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DTI identification

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Steve King 520/06/2019 19:35:34
47 forum posts
76 photos

Hi all

I have the DTI but it doesn't say if its metric or imperial nor does it say what each increment is. Its very heavy and feels smooth so I'm hoping it's a good quality one.

Can anyone help.

Thanks

Steve

20190620_191923.jpg

JasonB20/06/2019 19:40:37
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Moderator
15518 forum posts
1594 photos
1 articles

Why not mount it on your lathe or mill and move a handwheel by a known amount and see if the dial reads that amount in metric or imperial

Michael Gilligan20/06/2019 19:52:30
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13253 forum posts
578 photos

Catalogue of the more modern ones, is available:

Search for Rambold precision dial gauges and accessories

... I don't know Rambold, but they look promising.

MichaelG.

XD 35120/06/2019 19:56:10
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1268 forum posts
87 photos

I will have a guess and say a tenths indicator with a total travel of .020 inch but the only way to be certain is to do what Jason said and compare it with the movement of a graduated dial like a lathe cross slide or you could set it up in an indicator stand on a flat surface so the nib is vertical and touching said flat surface and slip a feeler gauge between the nib and the flat surface .

Have a look on the long island indicator website as they may have some info on that make of indicator .

Andrew Johnston20/06/2019 20:07:02
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4698 forum posts
532 photos

I'd be inclined to say metric +/- 10mm with each small division being 0.01mm. However, look at how much the nib is sticking out; which will equate to the total travel, that'll tell you if it's +/- 0.01" or +/- 10mm.

Is it an indicator or a test indicator? The former have a shaft that moves in the vertical direction, the latter normally have a moveable lever that can move in any position it is set.

Andrew

old mart20/06/2019 22:00:38
185 forum posts
15 photos

Metric ones are commonly yellow.

Steve King 521/06/2019 08:11:07
47 forum posts
76 photos

Think its metric as it does not line up when mounted to my lathe as suggested by JasonB.

If any one wants to swop it for a imperial equivalent drop me a message.

Thanks

Steve

JasonB21/06/2019 08:25:37
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Moderator
15518 forum posts
1594 photos
1 articles

There should not be much thinking about it.

If your lathe is imperial put on 0.050" feed and if the dial goes round 5 times it is imperial. If the dial goes round once plus 27 divisions it is metric as 50thou equals 1.27mm

If it is more sensative and does not have that range of movement try 0.005" feed

Steve King 521/06/2019 08:37:32
47 forum posts
76 photos

Thanks JasonB

Its metric 0.050 equal the one full rotation plus 27 divisions.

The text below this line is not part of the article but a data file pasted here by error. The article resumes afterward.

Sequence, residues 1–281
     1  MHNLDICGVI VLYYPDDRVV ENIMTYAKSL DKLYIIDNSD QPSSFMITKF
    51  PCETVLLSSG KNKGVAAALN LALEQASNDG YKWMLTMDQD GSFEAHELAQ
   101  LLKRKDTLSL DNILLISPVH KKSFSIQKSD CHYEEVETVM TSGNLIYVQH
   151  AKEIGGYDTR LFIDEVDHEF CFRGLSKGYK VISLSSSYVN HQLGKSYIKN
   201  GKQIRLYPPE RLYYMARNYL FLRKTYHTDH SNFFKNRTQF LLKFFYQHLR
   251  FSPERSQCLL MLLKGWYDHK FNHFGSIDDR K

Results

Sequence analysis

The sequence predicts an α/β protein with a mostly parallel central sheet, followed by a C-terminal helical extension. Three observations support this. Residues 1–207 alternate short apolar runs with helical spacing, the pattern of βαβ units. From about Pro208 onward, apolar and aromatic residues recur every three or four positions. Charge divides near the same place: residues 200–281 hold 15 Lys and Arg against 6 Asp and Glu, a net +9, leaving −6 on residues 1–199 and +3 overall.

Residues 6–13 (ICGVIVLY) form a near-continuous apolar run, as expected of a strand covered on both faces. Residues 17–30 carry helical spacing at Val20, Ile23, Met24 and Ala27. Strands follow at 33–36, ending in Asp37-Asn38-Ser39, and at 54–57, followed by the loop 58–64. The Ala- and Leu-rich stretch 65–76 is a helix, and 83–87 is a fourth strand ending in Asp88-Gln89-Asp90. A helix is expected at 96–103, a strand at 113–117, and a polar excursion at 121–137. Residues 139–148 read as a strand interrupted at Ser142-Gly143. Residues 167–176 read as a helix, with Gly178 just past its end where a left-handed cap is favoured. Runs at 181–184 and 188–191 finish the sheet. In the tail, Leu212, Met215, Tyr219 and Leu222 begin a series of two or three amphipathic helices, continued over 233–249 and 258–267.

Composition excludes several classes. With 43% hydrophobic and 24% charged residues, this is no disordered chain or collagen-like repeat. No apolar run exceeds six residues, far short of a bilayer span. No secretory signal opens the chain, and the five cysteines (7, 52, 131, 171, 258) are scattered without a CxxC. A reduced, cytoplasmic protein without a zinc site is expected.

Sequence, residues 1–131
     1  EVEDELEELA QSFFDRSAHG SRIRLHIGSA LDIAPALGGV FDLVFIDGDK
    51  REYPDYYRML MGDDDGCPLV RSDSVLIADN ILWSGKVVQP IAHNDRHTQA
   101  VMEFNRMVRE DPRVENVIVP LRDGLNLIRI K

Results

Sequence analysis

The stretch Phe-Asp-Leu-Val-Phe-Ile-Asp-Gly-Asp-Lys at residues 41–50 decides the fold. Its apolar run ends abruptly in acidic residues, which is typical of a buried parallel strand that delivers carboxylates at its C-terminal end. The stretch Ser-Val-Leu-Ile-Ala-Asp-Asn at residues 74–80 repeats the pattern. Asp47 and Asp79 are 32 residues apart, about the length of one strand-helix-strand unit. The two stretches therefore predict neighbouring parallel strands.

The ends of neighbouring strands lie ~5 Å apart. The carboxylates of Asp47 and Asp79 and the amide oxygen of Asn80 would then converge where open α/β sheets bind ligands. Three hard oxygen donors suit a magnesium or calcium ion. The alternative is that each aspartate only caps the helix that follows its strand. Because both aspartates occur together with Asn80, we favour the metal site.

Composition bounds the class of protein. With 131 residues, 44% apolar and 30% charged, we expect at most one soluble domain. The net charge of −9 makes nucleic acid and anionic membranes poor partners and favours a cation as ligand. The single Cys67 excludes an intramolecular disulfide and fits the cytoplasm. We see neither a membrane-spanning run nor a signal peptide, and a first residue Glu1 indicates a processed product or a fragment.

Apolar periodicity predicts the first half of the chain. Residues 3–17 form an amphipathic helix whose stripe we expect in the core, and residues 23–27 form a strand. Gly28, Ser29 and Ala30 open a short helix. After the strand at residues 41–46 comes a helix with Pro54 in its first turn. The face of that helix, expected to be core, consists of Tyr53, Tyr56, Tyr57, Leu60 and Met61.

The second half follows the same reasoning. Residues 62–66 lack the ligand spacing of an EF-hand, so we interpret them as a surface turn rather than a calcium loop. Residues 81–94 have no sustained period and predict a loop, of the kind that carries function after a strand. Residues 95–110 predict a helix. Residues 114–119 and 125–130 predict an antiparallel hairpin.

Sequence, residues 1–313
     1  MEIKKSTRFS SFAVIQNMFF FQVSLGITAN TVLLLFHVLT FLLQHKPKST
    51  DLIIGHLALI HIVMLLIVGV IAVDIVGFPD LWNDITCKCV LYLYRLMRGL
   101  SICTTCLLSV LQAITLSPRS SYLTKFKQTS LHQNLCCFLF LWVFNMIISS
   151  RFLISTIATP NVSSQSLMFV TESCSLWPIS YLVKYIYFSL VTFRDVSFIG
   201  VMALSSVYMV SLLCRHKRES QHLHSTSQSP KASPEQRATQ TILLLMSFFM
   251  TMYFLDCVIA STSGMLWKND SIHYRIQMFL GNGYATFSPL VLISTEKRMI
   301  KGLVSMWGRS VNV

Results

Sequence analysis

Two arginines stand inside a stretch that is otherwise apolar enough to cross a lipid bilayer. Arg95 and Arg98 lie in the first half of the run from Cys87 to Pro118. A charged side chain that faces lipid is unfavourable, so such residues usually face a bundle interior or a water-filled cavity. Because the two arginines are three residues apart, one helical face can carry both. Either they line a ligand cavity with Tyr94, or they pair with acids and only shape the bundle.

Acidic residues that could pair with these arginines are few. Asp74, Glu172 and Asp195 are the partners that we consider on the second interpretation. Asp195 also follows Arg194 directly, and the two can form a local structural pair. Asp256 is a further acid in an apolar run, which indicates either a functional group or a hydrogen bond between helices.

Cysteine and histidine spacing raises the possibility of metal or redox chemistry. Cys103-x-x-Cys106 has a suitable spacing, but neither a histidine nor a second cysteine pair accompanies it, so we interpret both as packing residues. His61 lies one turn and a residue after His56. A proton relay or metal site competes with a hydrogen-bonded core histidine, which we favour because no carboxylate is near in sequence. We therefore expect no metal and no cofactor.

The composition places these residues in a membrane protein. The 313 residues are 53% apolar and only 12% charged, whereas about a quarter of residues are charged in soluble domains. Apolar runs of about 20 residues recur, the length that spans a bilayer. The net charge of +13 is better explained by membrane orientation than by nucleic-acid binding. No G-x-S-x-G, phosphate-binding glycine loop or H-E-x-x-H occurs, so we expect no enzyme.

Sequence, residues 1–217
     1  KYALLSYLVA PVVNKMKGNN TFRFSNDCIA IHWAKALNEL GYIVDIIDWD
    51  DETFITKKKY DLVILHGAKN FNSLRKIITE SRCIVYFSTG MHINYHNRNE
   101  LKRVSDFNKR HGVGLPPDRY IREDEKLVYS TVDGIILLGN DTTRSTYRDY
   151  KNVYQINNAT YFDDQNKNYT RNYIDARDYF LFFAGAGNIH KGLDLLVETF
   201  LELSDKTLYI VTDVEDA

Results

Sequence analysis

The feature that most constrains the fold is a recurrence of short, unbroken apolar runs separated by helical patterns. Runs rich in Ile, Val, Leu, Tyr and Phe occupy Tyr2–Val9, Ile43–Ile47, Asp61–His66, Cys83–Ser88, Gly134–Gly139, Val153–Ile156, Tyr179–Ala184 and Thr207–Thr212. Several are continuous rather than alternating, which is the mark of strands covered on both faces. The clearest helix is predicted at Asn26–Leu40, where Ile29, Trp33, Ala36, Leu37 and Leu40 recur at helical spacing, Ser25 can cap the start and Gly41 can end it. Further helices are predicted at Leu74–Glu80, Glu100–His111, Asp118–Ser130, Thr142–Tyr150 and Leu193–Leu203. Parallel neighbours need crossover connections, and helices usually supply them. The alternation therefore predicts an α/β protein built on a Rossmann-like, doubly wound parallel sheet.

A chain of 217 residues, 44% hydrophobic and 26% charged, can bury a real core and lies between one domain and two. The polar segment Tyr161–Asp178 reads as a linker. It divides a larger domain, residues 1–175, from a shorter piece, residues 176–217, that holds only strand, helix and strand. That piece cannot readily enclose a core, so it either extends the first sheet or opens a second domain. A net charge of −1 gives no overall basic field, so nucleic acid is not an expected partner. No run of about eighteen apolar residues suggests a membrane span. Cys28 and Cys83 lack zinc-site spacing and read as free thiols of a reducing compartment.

Thanks for helping out the novice its much appreciated .

Thanks

Steve

John Haine21/06/2019 10:14:41
2543 forum posts
132 photos

99% of the time one uses a DTI as an indicator, e.g. of runout or misalignment of a vice with a mill axis, and the measurement uints are irrelevant as you only want to get zero movement.

Steve King 521/06/2019 10:34:38
47 forum posts
76 photos

I plan on using the DTI like this

20190621_094819.jpg

20190621_094926.jpg

20190621_095049.jpg

Nicholas Farr21/06/2019 10:36:16
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1875 forum posts
915 photos

Hi, it is quite possible that it was for use in a quality control as a comparator. Either it may have been to match parts in pairs or set amounts, or to check on production runs, either way the operator would not need to know any measurement as such, but would set the test machine to a master and compare the tolerances for production runs, hence the zero being in the middle of the stroke.

Just my thought the reason that it doesn't indicate mm or inches and the fact the little 10-0-10 dial would suggest it being used horizontally..

Regards Nick.

John Haine21/06/2019 11:43:04
2543 forum posts
132 photos

I think DTIs are intended for use as comparators, not accurate or indeed precise measurement. Their calibration is ultimately dependent on a rack-and-pinion, not a precision thread or transducer. They do have high resolution, for example indicating 0.01 mm/division, but one division will not necessarily be 0.01 mm if you see what I mean. Though it would probably do the job in the application you show, for best accuracy you would be better using for example a DRO.

In the language of this a DTI has high resolution but is not very accurate or precise.

Steve King 521/06/2019 12:03:25
47 forum posts
76 photos

I'd love a DRO but even the cheapest Chinese one are hundreds and I only have tens hahaha. Maybe one day.

Thanks

Steve

old mart21/06/2019 16:47:55
185 forum posts
15 photos

If I'm not mistaken, that lathe you have is a S & B model A.

Steve King 521/06/2019 16:52:48
47 forum posts
76 photos

That's correct a mk2 I believe

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